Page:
Year-End Tax Tips
Year-End Tax Tips
With the year winding down, we can expect that it will not be known as one of the most prosperous years for our economy. However, that does not mean that we have to forfeit all hope when it comes to our tax bills. Ultimately, there are some great steps you can take to minimize your yearly tax bill.
First, determine if there are certain tax credits that you can use. According to Elaine B. Morgillo in an article she wrote for SeaCoast.com, tax credits are more valuable than tax deductions, because they reduce your income tax liability dollar for dollar. If you are in the market for a new home, you may qualify for a tax credit of up to $8,000. Taxpayers with income below $75,000 (single) or $150,000 (joint) may receive this credit for the purchase of a new home - if they have not owned a home in the past three years. If you are in need of home improvements, you can receive tax credits for installing Energy Star-friendly windows, doors, and skylights.
And there is more. According to tax and accounting giants Thomson Reuters, if you have purchased a new car, including a light truck, SUV, motorcycle or motor home, you can deduct state and local sales taxes paid on up to $49,500 on the purchase price. You just have to make the purchase by December 31, 2009. The tax break phases out in for income is $125,000 for single filers or $250,000 for joint filers. Also, you cannot take the deduction next April if you decide to deduct state and local sales taxes instead of state and local income taxes.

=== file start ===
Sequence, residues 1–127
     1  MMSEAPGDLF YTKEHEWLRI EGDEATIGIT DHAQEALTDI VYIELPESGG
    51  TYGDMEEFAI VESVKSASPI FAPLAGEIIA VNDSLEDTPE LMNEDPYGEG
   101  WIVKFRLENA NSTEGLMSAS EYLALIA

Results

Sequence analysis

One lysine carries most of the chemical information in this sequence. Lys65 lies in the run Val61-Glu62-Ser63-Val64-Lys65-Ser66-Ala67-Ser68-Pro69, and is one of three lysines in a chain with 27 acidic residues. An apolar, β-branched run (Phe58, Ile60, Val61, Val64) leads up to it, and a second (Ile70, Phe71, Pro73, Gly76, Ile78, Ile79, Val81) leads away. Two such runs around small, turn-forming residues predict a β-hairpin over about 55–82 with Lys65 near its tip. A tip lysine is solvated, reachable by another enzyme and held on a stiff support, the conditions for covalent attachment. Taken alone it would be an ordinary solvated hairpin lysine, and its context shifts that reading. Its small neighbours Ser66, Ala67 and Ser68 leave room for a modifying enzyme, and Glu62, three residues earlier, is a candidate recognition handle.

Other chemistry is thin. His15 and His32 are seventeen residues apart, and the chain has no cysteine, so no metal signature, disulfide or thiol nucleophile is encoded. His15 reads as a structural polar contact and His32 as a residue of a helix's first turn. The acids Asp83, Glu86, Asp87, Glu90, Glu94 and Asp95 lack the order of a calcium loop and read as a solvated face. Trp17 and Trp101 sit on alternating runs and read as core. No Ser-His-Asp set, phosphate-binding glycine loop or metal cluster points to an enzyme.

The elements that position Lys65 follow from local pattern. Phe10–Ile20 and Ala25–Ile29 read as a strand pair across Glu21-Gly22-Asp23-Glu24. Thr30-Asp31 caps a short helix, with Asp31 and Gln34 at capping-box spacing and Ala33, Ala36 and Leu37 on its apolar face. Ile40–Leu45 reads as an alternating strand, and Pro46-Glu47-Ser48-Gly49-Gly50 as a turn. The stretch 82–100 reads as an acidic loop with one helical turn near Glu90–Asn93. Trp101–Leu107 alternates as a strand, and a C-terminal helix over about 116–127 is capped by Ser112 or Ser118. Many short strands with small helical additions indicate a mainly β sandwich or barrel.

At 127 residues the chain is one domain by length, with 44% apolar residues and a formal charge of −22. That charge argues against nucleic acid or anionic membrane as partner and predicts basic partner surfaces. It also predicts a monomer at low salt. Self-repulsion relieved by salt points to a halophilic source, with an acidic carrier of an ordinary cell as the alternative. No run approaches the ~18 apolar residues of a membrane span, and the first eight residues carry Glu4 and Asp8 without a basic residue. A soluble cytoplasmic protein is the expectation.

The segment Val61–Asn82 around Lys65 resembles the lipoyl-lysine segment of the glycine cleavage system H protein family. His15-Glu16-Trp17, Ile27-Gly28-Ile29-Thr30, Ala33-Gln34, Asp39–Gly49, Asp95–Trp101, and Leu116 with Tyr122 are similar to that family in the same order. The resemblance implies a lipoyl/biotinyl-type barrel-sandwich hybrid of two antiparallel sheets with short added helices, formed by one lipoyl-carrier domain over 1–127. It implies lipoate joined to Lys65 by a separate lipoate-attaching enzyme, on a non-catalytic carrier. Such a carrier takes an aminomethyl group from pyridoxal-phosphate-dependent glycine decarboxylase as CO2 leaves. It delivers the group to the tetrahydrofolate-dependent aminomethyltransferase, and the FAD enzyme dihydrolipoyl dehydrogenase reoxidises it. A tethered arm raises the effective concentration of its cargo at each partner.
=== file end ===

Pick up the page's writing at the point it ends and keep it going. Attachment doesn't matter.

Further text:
You can donate to charity. Thomson Reuters writes that if you are 70 ½ or older, you can put up to $100,000 per year from your IRA into a qualified charity without paying any tax on the distribution. (This must be done before the end of 2009.)You can also deduct the full market value of most property you donate. However, if you donate a car, the deduction you are allowed is limited only to the amount the charity receives once they sell the car.
Do you own a small business? Small businesses can write off for capital expenditures to $250,000. Further, businesses can recover the costs of some capital expenditures by "immediately writing off 50% of the cost of many types of depreciable property acquired in 2009 for use in the U.S." according to Thomson Reuters.
If you are closer to a lower income bracket, you might want to consider deferring your end of the year payments. Self-employed? Don't bill until the New Year. Therefore, you will be responsible for the payments in 2010. If you are going to cash out savings bonds, wait to do so until after January 1. Lucky enough to get a year-end bonus? Ask for the check to be issued in 2010. This will delay the tax payment for another year.
You can offset your capital gains by selling some of your lower-performing stocks. Net losses can be deducted in full against other income up to a $3,000 annual maximum write-off. Consider putting in the maximum to retirement accounts. Do you have a 401k? If so, contribute the enough to get the maximum from your company. Doing anything less is essentially throwing away free money. Do the same for your IRA - traditional and Roth. You can make contributes for 2009 all the way through April 15, 2010. But know that if you defer payments, it is just less time to for your money to grow.
Finally, if your company offers you a flexible spending account, use them up before the end of the year. This way, you can take tax-free money to pay off medical or child care expense. You can also set up an account to pay for child care while you work or attend school.
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